3. The two questions which have been chiefly argued at length before us are (1) whether the 3rd defendant's assent is not null and void as having been given on a representation made by the widow that she had her husband's authority to make the adoption and (2) whether the assent of the 3rd defendant alone is sufficient in law, either absolutely or under the circumstances of the case.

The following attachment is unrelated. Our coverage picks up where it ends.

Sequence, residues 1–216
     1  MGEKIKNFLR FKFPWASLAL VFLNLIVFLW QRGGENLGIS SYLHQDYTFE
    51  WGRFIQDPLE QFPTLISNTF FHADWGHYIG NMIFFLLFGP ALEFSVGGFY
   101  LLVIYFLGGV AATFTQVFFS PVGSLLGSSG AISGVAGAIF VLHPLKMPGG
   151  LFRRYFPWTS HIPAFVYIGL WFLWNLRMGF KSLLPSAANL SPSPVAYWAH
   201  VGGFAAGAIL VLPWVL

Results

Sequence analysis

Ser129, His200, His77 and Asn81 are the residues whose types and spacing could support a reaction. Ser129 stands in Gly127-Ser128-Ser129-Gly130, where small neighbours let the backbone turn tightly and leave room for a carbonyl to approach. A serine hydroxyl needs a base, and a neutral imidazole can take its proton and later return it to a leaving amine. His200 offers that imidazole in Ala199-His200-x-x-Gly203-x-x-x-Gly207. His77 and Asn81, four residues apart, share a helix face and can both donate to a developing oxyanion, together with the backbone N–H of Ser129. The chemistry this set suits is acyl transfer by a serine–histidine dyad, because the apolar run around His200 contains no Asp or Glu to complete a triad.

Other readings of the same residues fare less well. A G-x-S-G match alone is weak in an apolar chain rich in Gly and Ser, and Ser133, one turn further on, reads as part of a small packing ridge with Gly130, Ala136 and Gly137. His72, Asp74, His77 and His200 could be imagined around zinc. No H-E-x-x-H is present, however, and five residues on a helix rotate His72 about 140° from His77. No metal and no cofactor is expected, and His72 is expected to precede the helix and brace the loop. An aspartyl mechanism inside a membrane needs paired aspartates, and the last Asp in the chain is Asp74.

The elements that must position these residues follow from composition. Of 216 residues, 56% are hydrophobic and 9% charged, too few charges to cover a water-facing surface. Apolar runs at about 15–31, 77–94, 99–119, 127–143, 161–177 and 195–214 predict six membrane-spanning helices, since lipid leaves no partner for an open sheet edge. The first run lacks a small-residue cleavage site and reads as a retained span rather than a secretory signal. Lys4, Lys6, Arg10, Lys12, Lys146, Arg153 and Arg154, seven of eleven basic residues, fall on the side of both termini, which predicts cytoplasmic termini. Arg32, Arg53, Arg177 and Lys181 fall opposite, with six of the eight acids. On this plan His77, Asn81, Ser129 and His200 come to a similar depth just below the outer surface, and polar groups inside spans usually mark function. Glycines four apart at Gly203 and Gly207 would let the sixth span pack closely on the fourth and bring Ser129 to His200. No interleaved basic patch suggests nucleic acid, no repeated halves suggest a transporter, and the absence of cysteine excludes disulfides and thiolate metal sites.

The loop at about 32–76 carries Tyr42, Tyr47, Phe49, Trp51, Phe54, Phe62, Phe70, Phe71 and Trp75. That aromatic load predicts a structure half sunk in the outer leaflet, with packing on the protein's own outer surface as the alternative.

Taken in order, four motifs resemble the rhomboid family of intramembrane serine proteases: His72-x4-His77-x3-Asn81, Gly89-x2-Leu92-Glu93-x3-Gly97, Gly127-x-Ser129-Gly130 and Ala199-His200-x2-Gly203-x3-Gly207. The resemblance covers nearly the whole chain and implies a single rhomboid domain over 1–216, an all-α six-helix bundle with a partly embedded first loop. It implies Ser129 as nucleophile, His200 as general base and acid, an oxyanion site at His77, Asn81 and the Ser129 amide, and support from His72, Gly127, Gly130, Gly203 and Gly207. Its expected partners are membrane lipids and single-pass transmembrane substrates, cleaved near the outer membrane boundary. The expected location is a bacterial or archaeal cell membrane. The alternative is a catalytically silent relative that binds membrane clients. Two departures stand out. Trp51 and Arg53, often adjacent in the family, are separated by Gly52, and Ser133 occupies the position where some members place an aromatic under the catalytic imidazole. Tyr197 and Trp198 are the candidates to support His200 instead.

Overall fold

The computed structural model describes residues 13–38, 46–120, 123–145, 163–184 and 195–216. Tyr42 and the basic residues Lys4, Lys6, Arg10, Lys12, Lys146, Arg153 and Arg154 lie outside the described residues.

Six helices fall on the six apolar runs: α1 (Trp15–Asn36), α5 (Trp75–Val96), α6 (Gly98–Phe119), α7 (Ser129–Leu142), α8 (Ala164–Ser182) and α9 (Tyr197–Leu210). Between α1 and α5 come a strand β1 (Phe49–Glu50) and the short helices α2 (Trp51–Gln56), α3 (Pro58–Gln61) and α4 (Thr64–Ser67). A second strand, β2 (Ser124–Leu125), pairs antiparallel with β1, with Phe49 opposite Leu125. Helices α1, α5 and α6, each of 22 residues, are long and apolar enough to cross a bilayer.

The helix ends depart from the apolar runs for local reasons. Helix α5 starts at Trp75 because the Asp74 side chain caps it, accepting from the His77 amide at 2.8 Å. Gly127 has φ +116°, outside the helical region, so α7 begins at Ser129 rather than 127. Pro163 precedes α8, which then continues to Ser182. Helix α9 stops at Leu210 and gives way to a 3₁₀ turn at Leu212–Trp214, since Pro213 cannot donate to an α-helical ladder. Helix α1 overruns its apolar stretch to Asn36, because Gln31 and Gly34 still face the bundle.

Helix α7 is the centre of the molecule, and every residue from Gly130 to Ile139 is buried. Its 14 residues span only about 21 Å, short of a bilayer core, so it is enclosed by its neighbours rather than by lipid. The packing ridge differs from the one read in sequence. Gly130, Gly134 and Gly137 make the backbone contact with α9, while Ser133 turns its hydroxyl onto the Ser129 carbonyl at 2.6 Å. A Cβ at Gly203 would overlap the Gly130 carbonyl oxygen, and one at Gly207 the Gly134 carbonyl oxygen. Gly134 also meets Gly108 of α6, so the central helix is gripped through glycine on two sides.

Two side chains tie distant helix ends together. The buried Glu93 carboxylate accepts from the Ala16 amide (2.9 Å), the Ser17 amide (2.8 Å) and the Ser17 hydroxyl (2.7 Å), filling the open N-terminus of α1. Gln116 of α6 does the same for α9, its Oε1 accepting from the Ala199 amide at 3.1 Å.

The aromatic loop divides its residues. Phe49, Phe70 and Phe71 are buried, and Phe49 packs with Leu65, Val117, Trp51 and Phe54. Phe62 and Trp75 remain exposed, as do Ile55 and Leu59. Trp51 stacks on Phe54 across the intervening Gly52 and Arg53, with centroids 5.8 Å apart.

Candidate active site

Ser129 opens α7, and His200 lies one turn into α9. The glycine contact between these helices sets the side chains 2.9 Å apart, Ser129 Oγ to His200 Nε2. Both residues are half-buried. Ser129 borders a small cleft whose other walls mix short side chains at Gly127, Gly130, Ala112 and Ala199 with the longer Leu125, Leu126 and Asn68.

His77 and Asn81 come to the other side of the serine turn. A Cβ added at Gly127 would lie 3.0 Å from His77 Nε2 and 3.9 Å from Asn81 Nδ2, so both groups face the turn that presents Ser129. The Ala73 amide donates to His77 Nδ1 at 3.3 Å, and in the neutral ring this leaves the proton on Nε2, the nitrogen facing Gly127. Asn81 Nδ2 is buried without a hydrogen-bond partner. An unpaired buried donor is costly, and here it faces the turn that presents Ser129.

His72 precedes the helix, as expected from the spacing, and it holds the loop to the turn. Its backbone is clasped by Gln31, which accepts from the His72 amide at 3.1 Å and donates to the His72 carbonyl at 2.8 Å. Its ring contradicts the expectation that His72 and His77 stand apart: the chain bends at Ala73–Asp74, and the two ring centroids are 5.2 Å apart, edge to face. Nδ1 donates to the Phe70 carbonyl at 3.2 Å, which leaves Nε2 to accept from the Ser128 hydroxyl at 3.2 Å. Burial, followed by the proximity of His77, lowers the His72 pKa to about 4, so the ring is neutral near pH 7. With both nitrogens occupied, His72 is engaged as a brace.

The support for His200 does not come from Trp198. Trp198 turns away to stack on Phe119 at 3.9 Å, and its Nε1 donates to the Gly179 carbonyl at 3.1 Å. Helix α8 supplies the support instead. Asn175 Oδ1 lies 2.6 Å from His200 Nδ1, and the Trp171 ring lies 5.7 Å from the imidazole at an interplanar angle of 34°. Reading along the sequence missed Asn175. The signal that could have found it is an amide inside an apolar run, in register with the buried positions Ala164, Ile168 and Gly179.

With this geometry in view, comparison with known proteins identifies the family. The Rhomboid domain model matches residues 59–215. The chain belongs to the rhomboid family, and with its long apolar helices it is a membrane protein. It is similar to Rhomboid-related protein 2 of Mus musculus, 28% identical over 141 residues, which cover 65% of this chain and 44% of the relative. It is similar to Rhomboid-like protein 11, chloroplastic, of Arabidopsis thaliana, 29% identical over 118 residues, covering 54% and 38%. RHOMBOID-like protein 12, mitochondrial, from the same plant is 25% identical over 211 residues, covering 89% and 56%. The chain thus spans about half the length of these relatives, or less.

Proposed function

4. The principle of law applicable to the determination of the first question as laid down by the Judicial Committee of the Privy Council in Sri Raghunadha v. Sri Brozo Kishoro and in Karunabidhi Ganesha Ratnamaiyar v. Gopala Ratnamaiyar I.L.R. 71. A 173 and followed by this Court in Venkatalakshmamma v. Narasayya I.L.R. 8 Mad. 545. is that the assent of a sapinda to an adoption to be made by the widow of a deceased kinsman should be one given by him in the exercise of his discretion as to whether the adoption ought or ought not to be made by a widow not having her husband's authority to make the adoption and that, therefore, a sapinda's consent obtained by the widow upon a representation that she had received authority to adopt from her husband, when no such authority has in fact been given, is inefficacious in law. Applying this principle to the present case, the 3rd defendant's assent would undoubtedly be inefficacious if it could be regarded as having been influenced by the widow's allegation of authority from her husband.